• Kogane is easy to anger and loses all control when enraged
    • Matobai is a calm and collected fighter
  • Kinoa is a very hotheaded and takes her fights very seriously
    • Souya is a cocky fighter who taunts his enemies
  • Shizuru is a genius who doubts herself and her identity
    • Tsuwabuki is confident and experienced in combat
  • Hiiragi rarely think about his fight and just charges in headfirst
    • Zetsubi’s bubuki is focused around repositioning and evasion
  • Azuma fights with his heart and lives to protect his home and friends
    • Reoko has little remorse and will never forgive the witch who cursed her

BBK- Counterparts

One of the main issues for me was that I really disliked Hiiragi’s character until he actually stopped being an unlikable angsty kid. On the flip side of that argument, he is one of the few characters to actually feel like he’s progressed and isn’t just a one dimensional cut-out of the generic failed protagonist.

All in all, BBK isn’t a fantastic show but it most definitely improves as the season progresses. It feels like they’re trying to accomplish too much in 12 episodes seeing as they’ve introduced so many characters without really fleshing them out. I feel like the second season could benefit this show greatly, there is so much more of this world that can be explored but they just haven’t effectively used their time frame to develop it. Saying this, I don’t really think it deserves a second season nor are the viewers happy to see its announcement given the less than desirable reception from the public.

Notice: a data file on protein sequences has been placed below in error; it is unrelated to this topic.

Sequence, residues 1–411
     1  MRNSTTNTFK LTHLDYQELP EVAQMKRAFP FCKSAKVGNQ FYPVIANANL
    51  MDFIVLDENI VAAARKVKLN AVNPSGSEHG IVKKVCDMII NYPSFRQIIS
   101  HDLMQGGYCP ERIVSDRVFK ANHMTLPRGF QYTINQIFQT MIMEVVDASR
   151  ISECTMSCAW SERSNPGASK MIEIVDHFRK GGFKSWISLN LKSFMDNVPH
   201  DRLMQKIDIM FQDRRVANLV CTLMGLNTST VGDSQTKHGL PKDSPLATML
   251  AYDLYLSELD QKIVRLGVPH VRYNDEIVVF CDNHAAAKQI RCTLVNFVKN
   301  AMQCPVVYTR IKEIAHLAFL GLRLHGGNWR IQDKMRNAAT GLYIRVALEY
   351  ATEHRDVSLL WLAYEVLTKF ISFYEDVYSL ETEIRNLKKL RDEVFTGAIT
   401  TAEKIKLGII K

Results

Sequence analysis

BBK/BRNK had so much potential but it took so long to actually get anywhere. This show was okay, it wasn’t fantastic but it did showcase the progression of modern day 3DCG and how it can be used in anime. This show has raised the bar for CG animation, but sacrificed a lot of key features we’d expect in a show like this as a result.

One thought on “Bubuki Buranki (BBK/BRNK) – One Step Closer to Perfect CG, almost. [Review]

  1. Thank you for the review!
    I agree with most of your points, but I am looking forward to the second season. Or perhaps I need the second season because of how the first ended. I’m not kidding, I’ve been searching around trying to find out if there’s some last few minutes that got cut out of what I saw!
    And it blew my mind how the antagonists were the opposites of their corresponding protagonists!

    Liked by 1 person